My reaction to the NARM *Update: I PASSED!* - Mothering Forums
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#1 of 68 Old 02-23-2008, 11:28 AM - Thread Starter
 
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I'm reposting this from my myspace blog:

UGH. What a hard test! But not in the traditional sense. I had studied things like exact amounts of vitamins and precise antibiotic doses and such... nothing like that on the test. No percentages, no need to know the names of extremely rare diseases. Just a bunch of trying to guess what is in the head of the person who wrote the question. I am not allowed to repeat actual test questions, but I am just going to approximate what I'm talking about with original examples.

Here's one "example."

A client reports that she hasn't felt her baby move in over 24 hours. What should you do FIRST?

1. Check the baby's heartbeat
2. Check the baby's position
3. Have her lie down
4. Consult her chart

Well, your gut instinct is to say, "Whoa, check that baby's heartbeat now!" And there it is, option number one, easy, huh? But then you go to option 2. Technically, you HAVE to check the baby's position before you try to hear the heart, so you know where to put your fetoscope. (You're never going to hear anything if you're listening over part of her belly where the baby isn't even lying.) So B has to happen before A, chronologically, and the question did ask what to do first, not what was most important. Then you get to C, and it is true, you're going to have her lie down first, then check position, then listen to the heartbeat. So I guess it is C. But then option 4 is consult her chart. Well... maybe she's only 18 weeks pregnant! If that's the case, it is totally normal for her not to feel the baby move for over a day, and you can reassure her. Also, you know that you might not even be able to hear the heartbeat with a fetoscope at 18 weeks, so you don't waste a lot of time trying and worrying the mother. And if she has reported this to you over the phone, of course you're going to consult her chart while you're waiting for her to get to you, or when you're on your way to her sitting at a red light. Hmmmm.... any of them COULD be right depending on how you look at it and the exact circumstances. And none of them seem AS right as 1, but that really isn't what you do FIRST.

Here's another "example":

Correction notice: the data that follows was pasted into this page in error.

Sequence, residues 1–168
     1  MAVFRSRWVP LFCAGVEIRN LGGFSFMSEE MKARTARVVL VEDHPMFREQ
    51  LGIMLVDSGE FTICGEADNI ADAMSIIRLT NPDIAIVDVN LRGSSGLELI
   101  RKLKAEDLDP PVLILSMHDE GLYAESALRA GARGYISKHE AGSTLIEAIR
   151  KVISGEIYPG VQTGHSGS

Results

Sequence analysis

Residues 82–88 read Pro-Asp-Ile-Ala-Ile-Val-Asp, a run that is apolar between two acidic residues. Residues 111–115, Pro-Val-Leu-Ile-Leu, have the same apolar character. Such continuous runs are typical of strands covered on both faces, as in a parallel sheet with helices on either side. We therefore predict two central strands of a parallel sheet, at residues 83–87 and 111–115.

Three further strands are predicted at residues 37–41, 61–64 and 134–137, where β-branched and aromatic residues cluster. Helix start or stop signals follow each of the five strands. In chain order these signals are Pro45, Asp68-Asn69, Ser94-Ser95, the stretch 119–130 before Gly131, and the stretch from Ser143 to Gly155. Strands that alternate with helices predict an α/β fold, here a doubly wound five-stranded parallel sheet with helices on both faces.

A woman is anemic. What foods do you recommend?

1. Celery, lettuce, beets, raisins, and corn
2. Chard, hawthorn, malt-o-meal, bananas, and kiwi
3. Beans, orange juice, rose hips, chamomile tea, and carrots
4. Cauliflower, cabbage, tomatoes, whole wheat bread, and berries

OOOOOOOhkeay..... the first question that pops into my mind... WHERE'S THE BEEF? (And I'm not even old enough to remember that commercial.) Are we ALL freakin' vegetarians all of a sudden? I'm not recommending any of that $h!+. I'm telling her to get herself some organic beef and get some Floradix. But let's deal with what we have here. OK, beans, they're supposed to be good for iron. And the vitamin C in the OJ will help her absorb that iron. So 3 is looking good. But... chamomile tea?!? Carrots? That can't be it. And what are Rose Hips? They were on the test at least twice! (off to wikipedia I go...) OK, I remember reading that dried fruits are high in iron. Raisins (in option 1) are dried fruit. But the rest of that list is ridiculous, right? Hmmm. Chard? Are leafy greens high in iron? I'm not sure... I know they have calcium, maybe they have iron too... malt-o-meal is probably fortified... but hawthorn, well, first that's an herb, not a food, and I don't think it has any iron. Kiwi has the vit. C, but what does banana have to do w/ iron? Nothing. OK, last option, berries and tomatoes have Vit. C, and the bread might be fortified w/ iron, but cabbage and cauliflower? I don't think so... but I could be wrong! Why oh why didn't I spend days studying all the foods that could possibly have iron?!? I mean, if I happen to have an anemic vegetarian client who won't take Floradix, I don't suppose there's any way I could look up her options at that time. (ha ha.)

(Now I suppose that if I knew a lot about iron in foods, the question wouldn't have seemed so ridiculous... but I honestly thought I knew enough about foods w/ iron, when I clearly did not, at least for this test.)

Can you imagine 350 questions like that? This test plays with your head, man!!!

I don't know if I passed or failed. I really, really don't have a sense of how I did. I should have the results in 2-4 weeks.

postscript: I have discovered that Rose Hips are an excellent source of vitamin C. This is good news, because I think that's what I guessed on the test for one question. For some reason Rose Hips just sounded high in C to me.

"If you only knew how many things I want to say and don't, you'd give me some credit."
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#2 of 68 Old 02-23-2008, 12:03 PM
 
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If it's like that, I'm doomed to fail. You know those multiple choice tests for English lit when you're supposed to explain what the author really meant? I bombed those and this sounds like it.

Are there any practice NARMs out there, like for SATs or MCATs or LSATs?

ETA: What school did you attend? or just self-study? Curious to see how you were prepped?

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#3 of 68 Old 02-23-2008, 01:31 PM
 
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I haven't found a study guide for narm like for other tests. When I took my nursing test and my IBCLC (which is a very hard test, imho), I had study guides, that's really the best way for me to study, to practice the tests and then if I get it wrong, go back and study that part.

that way I don't spend all my time on stuff I already know, I am familiar with how to take the test, etc.

I do wish there was something, maybe someone (maybe me, but who has the time) should do a study guide?

for those enrolled in formal programs, do they include study guides or help? Our nursing program i teach at, has a great study class on how to take the test, does practice questions, goes over the major things to study and has flash cards.